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  1. by on - Discussion

    This article discusses the concept of ‘heroism’ in relation to science, medicine and technology. It unpicks the complexities of the concept and discusses its implications for historians of science and museum professionals.

  2. by on - Research

    This article discusses the provision of spectacles under the NHS scheme in Britain from 1946-86. It reveals there was no explicit consideration of consumer choice or fashion and argues that this limited design across the British optical industry.

  3. by on - Review

    Review of the exhibition Scholar, courtier, magician: the lost library of John Dee at the Royal College of Physicians

  4. by on - Research

    This essay analyses representations of the ammoniaphone across nineteenth century advertising and the medical and musical press, and situates these representations within the broader Victorian fascination with the supremacy of Italian opera singers and the emergent corporeal anxieties of late nineteenth century consumer culture.

  5. by on - Research

    Drawing upon experience of being a Collaborative Doctoral Partnership (CDP) student at the Science Museum, this article reflects on the value of collections with limited cataloguing in historical research and offers ways to overcome the problems of interpretation.

  6. by on - Object focus

    An introduction to one of the star objects in Mathematics: The Winton Gallery, an electronic storm surge modelling machine.

  7. by on - Object focus

    This paper proposes the analogy of ventriloquism as a way of extending the discussion about how objects speak and are used to tell different stories to audiences in museums as ‘material polyglots’. It explores how the Science Museum has changed the voices, stories, and physical and instrumental functions of a particular object – the ‘Trainbox’ version of the Douglas Hartree’s Differential Analyser – since it was collected in 1949.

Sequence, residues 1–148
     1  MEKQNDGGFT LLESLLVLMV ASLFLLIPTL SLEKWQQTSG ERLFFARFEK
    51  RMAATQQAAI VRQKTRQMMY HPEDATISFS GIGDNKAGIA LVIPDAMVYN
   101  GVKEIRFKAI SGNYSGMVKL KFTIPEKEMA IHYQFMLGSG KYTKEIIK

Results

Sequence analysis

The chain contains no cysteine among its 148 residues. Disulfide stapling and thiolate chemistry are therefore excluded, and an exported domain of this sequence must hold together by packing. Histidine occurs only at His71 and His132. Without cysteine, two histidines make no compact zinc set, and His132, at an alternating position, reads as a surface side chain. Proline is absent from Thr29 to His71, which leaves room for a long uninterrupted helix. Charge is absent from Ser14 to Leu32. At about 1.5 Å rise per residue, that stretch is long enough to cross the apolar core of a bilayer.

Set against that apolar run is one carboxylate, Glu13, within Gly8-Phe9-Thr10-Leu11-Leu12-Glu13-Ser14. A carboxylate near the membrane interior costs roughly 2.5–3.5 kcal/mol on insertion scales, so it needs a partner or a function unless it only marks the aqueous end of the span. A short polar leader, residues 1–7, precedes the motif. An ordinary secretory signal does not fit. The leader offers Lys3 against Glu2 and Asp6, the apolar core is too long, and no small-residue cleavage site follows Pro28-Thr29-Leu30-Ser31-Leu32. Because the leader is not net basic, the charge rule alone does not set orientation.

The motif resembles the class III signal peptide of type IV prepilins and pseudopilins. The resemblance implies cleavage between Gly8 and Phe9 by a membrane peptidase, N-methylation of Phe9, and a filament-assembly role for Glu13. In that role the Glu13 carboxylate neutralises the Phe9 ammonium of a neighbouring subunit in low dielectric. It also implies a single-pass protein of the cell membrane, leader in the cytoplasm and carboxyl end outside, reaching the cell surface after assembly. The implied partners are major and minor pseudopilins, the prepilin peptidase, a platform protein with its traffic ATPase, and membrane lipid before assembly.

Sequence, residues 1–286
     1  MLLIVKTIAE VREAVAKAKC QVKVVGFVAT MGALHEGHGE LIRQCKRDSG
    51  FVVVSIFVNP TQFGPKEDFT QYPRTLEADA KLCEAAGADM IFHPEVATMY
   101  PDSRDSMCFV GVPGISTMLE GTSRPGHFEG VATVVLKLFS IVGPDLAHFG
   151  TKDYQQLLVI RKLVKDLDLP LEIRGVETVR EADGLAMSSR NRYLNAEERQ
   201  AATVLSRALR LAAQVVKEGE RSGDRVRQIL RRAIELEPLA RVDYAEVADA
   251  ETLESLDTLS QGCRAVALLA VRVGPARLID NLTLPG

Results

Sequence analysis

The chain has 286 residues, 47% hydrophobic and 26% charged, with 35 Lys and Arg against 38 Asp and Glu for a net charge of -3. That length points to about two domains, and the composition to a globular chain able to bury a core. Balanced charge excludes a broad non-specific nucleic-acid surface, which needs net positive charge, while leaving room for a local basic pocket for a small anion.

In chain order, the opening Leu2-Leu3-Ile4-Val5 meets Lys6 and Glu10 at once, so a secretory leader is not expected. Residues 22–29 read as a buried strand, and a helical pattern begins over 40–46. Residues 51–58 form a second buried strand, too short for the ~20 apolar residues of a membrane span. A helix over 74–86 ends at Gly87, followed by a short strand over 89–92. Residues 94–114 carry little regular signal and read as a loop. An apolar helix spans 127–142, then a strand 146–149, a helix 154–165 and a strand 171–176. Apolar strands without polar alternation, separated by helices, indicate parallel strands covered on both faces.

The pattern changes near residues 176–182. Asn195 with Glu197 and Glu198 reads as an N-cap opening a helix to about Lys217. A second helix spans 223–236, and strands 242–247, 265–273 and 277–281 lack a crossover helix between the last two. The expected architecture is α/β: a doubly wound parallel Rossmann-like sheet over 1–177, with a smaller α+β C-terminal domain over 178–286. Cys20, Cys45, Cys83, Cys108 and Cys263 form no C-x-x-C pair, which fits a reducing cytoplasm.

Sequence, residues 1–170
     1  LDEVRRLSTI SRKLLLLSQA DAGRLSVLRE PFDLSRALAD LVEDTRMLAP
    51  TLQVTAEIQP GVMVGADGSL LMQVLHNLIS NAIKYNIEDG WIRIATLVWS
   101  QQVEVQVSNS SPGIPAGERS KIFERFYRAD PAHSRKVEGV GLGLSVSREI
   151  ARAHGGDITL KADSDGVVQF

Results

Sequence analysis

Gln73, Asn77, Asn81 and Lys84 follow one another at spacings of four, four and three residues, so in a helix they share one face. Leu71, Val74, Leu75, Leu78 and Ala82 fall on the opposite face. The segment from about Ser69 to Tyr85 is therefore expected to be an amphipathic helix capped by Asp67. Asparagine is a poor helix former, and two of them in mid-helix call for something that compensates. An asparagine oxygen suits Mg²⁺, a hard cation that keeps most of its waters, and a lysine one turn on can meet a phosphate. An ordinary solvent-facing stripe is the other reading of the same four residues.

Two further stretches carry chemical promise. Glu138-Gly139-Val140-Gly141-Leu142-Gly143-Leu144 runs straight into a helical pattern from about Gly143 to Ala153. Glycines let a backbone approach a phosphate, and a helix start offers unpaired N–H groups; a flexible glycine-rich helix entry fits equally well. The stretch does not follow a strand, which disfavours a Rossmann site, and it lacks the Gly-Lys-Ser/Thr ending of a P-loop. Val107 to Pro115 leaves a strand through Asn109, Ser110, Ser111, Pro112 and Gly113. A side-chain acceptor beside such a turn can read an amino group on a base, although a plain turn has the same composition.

8. by , on - Research

    A 3D chart of electricity demand in Manchester, 1951–54, is a tangible record of past practice, both of the electricity supply industry and its consumers. We offer a close inspection of the object, and generate ideas about the chart’s use and users.

  9. by on - Book review

    This wonderful book by David Philip Miller, Emeritus Professor of the History of Science at the University of New South Wales, is the latest addition to the voluminous canon exploring the life and times of James Watt, engineer and polymath.

  10. by on - Research

    This article describes the process and outcomes of a research project that involved reconstructing Alexander Graham Bell and Clarence J Blake’s ear phonautograph, an 1874 curiosity that used an excised human middle ear to visually inscribe sound waves.

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